Space Hulk: Deathwing

Space Hulk: Deathwing Does the Warhammer Franchise Proud

Warhammer at its finest.
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Space Hulk: Deathwing on PC

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Set within the Warhammer 40,000 universe, Space Hulk: Deathwing is a frantic first-person shooter in which up to four players wander the claustrophobic hallways of a derelict Space Hulk, battling an array of Genestealer aliens along the way. It’s been on the radars for fans of the franchise for a while now and the fact that it’s finally available allowed aspiring Space Marines to dig into what is an enjoyable experience that isn’t without its flaws.

To start, the plot and the characters inhabiting it are, for the most part, quite forgettable and rather vague. This is partly because of senseless mission structures that merely serve as a means of getting you from point A to point B without much logical reasoning behind it. You’ll defend a point, push a wave, collect an item or scout an area that seems completely superfluous in the context of the story. It doesn’t hinder the gameplay experience, mind you, but if you’re paying some attention to the story, you’ll notice some objectives are utterly pointless, especially for a massive Space Marine like yourself.

Its stellar execution with epic cutscenes and badass character design, however, are most definitely not forgettable. You take on the role of a Librarian in command of a small squad of secretive Space Marines known as Deathwings, the First Company of the Dark Angels Chapter. Librarians are Space Marines that can use Immaterium, allowing them to warp from one place to another, as well as unleashing powerful psychic abilities upon their foes. Their incredible skills make them respected soldiers among Space Marines, and that’s why you are sent to explore this newly discovered Space Hulk. Now, what is a Space Hulk exactly? It’s an accumulation of debris and space ships, often holding valuable treasures and information. Space Hulks vastly vary in size and threat level, but the one explored in Space Hulk: Deathwing is a massive one. It takes cunning Space Marines to survive an expedition of this scale, because Space Hulks are frequently unpredictable, exposed to the vacuum of space, or house dangerous foes.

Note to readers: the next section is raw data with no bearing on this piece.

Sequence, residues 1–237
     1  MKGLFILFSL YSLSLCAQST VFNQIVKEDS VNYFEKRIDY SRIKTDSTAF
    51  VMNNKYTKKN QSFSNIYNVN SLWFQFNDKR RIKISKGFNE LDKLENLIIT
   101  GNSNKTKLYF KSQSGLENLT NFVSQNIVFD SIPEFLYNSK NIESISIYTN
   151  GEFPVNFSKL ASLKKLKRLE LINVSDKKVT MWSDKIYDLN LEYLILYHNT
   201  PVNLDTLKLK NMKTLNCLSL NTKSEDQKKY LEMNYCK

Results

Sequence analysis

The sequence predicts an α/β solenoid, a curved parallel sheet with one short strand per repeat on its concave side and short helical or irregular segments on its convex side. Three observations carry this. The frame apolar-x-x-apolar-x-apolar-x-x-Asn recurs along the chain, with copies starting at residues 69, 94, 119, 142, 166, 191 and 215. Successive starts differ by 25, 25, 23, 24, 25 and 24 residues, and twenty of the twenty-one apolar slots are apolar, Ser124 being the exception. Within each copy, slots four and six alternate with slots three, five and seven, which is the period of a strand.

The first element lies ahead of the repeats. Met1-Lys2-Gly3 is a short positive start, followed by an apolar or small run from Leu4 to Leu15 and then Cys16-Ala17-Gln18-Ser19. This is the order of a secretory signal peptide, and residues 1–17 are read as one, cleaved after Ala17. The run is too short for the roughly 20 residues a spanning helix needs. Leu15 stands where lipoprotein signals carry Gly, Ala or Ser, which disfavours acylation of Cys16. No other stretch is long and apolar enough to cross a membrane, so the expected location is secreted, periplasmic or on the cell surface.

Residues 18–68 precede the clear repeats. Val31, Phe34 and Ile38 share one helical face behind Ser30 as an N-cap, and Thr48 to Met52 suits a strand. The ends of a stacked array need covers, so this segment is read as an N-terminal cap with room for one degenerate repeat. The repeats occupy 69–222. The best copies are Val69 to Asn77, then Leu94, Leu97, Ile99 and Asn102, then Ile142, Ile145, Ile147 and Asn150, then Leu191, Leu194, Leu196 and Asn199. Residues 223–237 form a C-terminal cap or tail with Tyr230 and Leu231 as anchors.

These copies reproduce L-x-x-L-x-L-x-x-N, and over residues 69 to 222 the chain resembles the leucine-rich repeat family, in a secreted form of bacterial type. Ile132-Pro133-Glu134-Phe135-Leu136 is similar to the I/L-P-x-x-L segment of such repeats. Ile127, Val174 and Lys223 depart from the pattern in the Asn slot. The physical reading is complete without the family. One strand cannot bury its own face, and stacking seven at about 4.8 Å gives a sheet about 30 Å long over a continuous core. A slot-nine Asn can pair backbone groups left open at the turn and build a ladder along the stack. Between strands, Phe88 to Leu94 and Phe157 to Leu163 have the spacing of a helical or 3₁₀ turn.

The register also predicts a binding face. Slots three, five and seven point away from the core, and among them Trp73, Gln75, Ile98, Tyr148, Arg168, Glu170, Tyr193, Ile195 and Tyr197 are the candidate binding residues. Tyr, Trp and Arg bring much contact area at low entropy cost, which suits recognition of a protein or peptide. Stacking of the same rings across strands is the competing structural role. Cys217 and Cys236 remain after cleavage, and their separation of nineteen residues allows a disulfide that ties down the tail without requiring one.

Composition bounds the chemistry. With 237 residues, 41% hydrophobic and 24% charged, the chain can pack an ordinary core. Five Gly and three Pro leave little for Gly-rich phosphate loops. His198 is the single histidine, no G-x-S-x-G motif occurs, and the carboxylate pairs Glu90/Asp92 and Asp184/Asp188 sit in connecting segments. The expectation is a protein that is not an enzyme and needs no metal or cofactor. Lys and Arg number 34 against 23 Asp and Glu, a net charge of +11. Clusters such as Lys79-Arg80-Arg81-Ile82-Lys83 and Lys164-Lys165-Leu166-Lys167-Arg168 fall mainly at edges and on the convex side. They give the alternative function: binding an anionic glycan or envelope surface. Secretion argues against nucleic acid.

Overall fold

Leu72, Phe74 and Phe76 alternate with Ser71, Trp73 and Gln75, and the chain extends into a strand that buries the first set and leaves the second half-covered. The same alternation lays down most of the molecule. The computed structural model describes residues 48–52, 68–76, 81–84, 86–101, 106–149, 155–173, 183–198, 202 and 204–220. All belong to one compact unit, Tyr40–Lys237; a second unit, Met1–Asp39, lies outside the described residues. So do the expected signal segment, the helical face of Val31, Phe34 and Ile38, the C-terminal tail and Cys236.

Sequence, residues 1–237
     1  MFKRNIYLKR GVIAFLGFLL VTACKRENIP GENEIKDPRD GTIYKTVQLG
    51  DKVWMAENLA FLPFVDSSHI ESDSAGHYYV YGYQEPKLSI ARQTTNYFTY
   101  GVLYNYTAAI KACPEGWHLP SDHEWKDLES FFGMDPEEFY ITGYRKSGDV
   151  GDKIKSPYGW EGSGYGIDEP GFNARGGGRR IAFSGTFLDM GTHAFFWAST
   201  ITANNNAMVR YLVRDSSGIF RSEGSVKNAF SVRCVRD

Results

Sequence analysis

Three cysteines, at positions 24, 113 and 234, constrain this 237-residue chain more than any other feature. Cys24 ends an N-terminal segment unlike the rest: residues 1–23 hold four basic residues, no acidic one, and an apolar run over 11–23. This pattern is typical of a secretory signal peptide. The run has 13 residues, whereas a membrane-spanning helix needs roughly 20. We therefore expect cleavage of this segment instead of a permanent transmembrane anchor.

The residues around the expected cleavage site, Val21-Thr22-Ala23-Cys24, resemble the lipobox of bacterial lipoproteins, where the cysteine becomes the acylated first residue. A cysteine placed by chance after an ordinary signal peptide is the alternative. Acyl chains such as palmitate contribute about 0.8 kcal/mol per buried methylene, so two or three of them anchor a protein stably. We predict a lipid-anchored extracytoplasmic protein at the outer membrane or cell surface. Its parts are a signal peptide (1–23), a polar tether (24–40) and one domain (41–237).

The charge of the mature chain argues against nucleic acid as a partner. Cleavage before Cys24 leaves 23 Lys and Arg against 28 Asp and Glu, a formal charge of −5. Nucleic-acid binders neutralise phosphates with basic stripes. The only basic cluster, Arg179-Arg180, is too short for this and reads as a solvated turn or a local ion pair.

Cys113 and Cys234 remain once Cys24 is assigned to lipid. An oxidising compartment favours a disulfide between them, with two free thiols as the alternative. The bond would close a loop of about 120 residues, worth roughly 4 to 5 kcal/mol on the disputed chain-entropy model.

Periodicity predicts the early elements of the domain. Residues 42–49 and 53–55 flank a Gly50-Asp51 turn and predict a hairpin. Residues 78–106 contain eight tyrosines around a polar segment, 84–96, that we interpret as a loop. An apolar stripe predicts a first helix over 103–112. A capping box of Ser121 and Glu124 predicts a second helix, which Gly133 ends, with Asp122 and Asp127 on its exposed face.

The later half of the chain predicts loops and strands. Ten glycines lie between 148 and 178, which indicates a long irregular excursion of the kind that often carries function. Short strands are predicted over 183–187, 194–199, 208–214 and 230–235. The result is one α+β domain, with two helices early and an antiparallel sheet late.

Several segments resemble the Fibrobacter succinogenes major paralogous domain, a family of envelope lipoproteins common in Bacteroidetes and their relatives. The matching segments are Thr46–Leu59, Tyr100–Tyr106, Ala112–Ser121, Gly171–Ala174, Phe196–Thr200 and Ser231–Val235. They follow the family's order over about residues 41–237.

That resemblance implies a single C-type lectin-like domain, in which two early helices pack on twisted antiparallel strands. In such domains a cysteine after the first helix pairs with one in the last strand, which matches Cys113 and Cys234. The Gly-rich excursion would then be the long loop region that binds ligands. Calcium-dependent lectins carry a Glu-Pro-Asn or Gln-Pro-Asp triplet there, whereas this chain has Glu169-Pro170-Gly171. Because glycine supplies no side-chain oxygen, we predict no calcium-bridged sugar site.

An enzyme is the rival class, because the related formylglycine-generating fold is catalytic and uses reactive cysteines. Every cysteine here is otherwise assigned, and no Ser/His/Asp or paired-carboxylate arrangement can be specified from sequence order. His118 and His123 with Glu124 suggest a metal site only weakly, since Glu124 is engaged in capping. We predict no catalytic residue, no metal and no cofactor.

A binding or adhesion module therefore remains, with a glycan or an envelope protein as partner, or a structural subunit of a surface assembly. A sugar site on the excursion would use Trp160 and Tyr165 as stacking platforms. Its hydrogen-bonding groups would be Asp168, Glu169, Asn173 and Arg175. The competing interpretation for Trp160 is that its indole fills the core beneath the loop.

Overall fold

Everything in Space Hulk: Deathwing, from its heavily armored Space Marines to the various Genestealer mutations look bulky and meaty, and sound so menacing that it’s almost ridiculous. It’s all functional and very well fits within the lore of the Warhammer 40,000 franchise, however, keeping it from becoming too much. It’s a solid entry point if you’re not that into Warhammer 40,000, too, since it’s very much its own, isolated thing. It tells a more small-scale story and takes its time to flesh out its environments and motives, which is something I personally really enjoyed. Yet if you are expecting a lore-expanding entry of epic proportions, Space Hulk: Deathwing may disappoint in that aspect.


The most effective storytelling doesn’t come in the form of static transmissions or hidden logs, but it’s the massive Space Hulk itself that reflects a stellar sense of isolation and atmosphere, which is ultimately at the core of the entire experience. The sound of your heavy boots pounding the ground as the abandoned ship creaks overhead and steam pipes whistle in the distance is nothing short of staggering and engrossing, lending its more quiet sections of exploration a sense of thrill and, dare I say, even horror. It feels like the calm before a storm, interrupted abruptly by the shrieking of the enemy.

Naturally, it wouldn’t be a Warhammer title if it didn’t feature some viciously satisfying combat, and that is most certainly present in Space Hulk: Deathwing. When things get real, everything gets dialed up to eleven, with alien Genestealers swarming your position in maddening numbers. It’s in those situations that the power of Unreal Engine 4 really shines as blood squirts from every possible orifice and countless corpses pile up at your feet with different sources of light peering through the heads of the opposition.

In a matter of seconds, you go from exploring the Space Hulk’s claustrophobic corridors to pumping lead into a massive wave of Hybrids, Warriors, Broodlords and a plethora of other mutated Genestealers, or using your melee weapon of choice to separate their limbs from the rest of their grotesque bodies. Stray bullets crack monitors, ignite steam pipes or cause electrical cables to spark impressively without ever pulling your attention away from what it is intended to be on. It’s not until the eerily silent aftermath that these little details become noticeable, giving a whole new meaning to the numerous Space Marines that lay on the floor aboard this Space Hulk, gutted and ripped to shreds in hallways covered in blood and destruction.